January 31, 2009

Former PhD student hopes to fund legal action via web

A disaffected student has set up an internet campaign in a bid to raise £20,000 to sue the university where he failed to obtain his PhD.

Paul Jones, 26, who was a graduate teaching assistant at the University of Exeter Business School until last year, claims that unreasonable teaching demands were placed on him and that he received inadequate supervision after his tutor went on sabbatical and left him in charge of a specialist third-year undergraduate teaching module.

His website, student4justice.com, aims to reveal the "darker, less well documented world of academia". It is dedicated to students deemed to be "snotty and litigious" by their universities.

Last year, Mr Jones made an official complaint to the university. He went through all four stages of Exeter's grievance procedure, but his complaints were not upheld. As "a gesture of goodwill", the university has offered to pay a year's tuition fees at another institution to fund the completion of Mr Jones' thesis. It also agreed to pay for the additional work he undertook delivering the module.

But Mr Jones, who says he has been left depressed by the experience and is now unemployed, hopes to raise funds through his website to bring legal action against Exeter for breach of contract.

"This is the only means of recourse I can pursue against the university that will allow me to seek damages, with the ultimate aim of allowing me to continue with my studies at an alternative university," the website claims.

The site, which names all the academics involved, includes extracts from emails and statements Mr Jones said he had uncovered using the Data Protection Act.

One email published on the site, written to colleagues by Steve Brown, head of the university's department of management, warned of "a few 'worried points' on Paul Jones' teaching for the first semester".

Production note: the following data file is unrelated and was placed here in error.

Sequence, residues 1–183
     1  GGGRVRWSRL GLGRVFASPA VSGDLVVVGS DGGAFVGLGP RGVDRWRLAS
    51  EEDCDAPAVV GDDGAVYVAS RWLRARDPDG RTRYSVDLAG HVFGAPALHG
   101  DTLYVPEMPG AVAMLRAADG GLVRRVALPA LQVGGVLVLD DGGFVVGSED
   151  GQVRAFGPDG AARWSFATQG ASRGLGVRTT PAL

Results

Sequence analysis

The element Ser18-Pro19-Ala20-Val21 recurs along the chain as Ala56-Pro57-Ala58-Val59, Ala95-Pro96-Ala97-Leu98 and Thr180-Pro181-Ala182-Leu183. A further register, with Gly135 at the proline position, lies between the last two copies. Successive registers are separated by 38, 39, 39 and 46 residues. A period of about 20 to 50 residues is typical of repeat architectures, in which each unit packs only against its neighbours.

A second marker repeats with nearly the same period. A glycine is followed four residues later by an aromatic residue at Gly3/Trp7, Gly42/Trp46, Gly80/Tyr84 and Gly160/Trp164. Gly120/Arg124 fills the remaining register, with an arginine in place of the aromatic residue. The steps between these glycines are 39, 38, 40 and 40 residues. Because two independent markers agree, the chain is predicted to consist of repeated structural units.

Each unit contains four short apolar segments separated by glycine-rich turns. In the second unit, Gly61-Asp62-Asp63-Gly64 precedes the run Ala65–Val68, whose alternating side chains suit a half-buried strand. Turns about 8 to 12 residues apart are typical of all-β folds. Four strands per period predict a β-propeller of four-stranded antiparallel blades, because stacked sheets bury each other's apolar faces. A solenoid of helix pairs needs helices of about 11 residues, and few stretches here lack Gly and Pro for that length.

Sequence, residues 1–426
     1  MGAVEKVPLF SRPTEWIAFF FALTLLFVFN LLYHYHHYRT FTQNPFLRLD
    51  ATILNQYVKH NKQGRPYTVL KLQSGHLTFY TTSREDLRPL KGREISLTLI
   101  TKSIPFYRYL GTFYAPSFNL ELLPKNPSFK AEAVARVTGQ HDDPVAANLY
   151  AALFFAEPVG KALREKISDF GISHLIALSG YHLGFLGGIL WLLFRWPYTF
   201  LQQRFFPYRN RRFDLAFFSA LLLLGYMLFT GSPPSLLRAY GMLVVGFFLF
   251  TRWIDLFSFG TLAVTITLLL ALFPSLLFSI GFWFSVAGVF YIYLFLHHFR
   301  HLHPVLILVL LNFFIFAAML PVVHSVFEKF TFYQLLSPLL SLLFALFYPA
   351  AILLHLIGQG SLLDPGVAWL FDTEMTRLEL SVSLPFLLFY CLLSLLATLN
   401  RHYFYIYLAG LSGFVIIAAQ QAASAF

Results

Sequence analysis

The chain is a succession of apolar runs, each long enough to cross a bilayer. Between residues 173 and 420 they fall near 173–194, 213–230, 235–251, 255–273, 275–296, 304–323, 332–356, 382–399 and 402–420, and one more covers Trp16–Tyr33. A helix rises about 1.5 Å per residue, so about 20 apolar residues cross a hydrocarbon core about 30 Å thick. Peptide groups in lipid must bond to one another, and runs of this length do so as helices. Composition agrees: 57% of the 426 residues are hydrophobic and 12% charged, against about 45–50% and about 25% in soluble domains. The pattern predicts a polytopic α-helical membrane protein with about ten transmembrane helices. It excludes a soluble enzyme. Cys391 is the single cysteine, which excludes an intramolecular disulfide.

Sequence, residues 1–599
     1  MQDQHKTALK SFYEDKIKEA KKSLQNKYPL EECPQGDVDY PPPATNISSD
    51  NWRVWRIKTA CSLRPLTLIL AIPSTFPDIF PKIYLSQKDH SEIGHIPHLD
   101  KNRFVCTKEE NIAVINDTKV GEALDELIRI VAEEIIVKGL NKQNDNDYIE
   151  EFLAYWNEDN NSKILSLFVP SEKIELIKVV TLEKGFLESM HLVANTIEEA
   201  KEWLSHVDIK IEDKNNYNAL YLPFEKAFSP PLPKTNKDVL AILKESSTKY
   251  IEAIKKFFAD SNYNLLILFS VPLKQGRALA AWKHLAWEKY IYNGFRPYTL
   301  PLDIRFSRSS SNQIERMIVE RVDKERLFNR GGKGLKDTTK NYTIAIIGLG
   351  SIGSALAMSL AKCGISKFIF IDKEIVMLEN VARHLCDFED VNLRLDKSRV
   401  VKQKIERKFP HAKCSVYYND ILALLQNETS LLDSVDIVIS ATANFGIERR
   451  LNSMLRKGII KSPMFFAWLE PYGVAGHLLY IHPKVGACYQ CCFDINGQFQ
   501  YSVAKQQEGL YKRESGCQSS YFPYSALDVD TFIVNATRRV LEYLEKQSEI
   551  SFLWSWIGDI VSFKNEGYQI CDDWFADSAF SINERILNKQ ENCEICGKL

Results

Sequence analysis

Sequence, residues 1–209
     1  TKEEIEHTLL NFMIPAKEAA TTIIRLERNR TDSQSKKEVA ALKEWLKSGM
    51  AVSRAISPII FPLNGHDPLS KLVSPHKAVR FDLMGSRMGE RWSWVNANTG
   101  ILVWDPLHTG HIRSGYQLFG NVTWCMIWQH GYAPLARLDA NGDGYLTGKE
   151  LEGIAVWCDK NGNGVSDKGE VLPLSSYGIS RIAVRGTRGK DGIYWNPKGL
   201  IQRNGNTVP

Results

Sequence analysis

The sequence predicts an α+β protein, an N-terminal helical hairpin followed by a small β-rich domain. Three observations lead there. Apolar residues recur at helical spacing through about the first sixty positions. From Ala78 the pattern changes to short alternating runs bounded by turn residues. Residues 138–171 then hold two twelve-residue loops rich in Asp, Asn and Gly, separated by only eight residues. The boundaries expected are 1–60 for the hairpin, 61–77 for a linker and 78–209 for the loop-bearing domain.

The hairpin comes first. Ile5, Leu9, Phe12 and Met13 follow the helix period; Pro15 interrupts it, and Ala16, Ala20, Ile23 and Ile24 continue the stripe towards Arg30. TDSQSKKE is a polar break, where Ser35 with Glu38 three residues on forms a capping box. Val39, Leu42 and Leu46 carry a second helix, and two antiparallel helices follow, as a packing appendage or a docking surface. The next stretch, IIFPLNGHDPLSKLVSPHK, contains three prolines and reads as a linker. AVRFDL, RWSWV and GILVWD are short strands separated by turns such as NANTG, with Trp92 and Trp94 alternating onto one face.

"As Paul is a GTA, it would be unwise to let him take entire charge of the module, especially a specialist third-year module, even though I understand it is 'in his area'," Professor Brown wrote.

"My fear is that students are becoming increasingly 'snotty' - litigious even - and I think we need to cover all the angles with this."

He asked Janet Borgerson, a reader in philosophy and management who was responsible for the module that Mr Jones was teaching, to "make sure that Paul is ready to deliver the material on this - he may need more support so that he has course and other material ready.

"I hope this isn't coming across as too paranoid but I just want to make sure that we don't have a bunch of students sending in letters and so on."

Mr Jones hopes his website will "highlight the plight of postgraduate students who are ... neglected or subject to mounting pressure to accept teaching duties traditionally performed by senior academic staff".

In a statement, Exeter said it had looked "in great detail" at Mr Jones' complaints but that none was upheld. "The hearings did not accept that unreasonable teaching demands were placed on Mr Jones without due regard for the likely consequences for his ability to complete his PhD studies," the statement says.

It adds that Mr Jones had been "well qualified" to deliver the module, "given that he was at the time already an experienced graduate teaching assistant".

From: http://www.timeshighereducation.co.uk


Rosa Luxembourg said...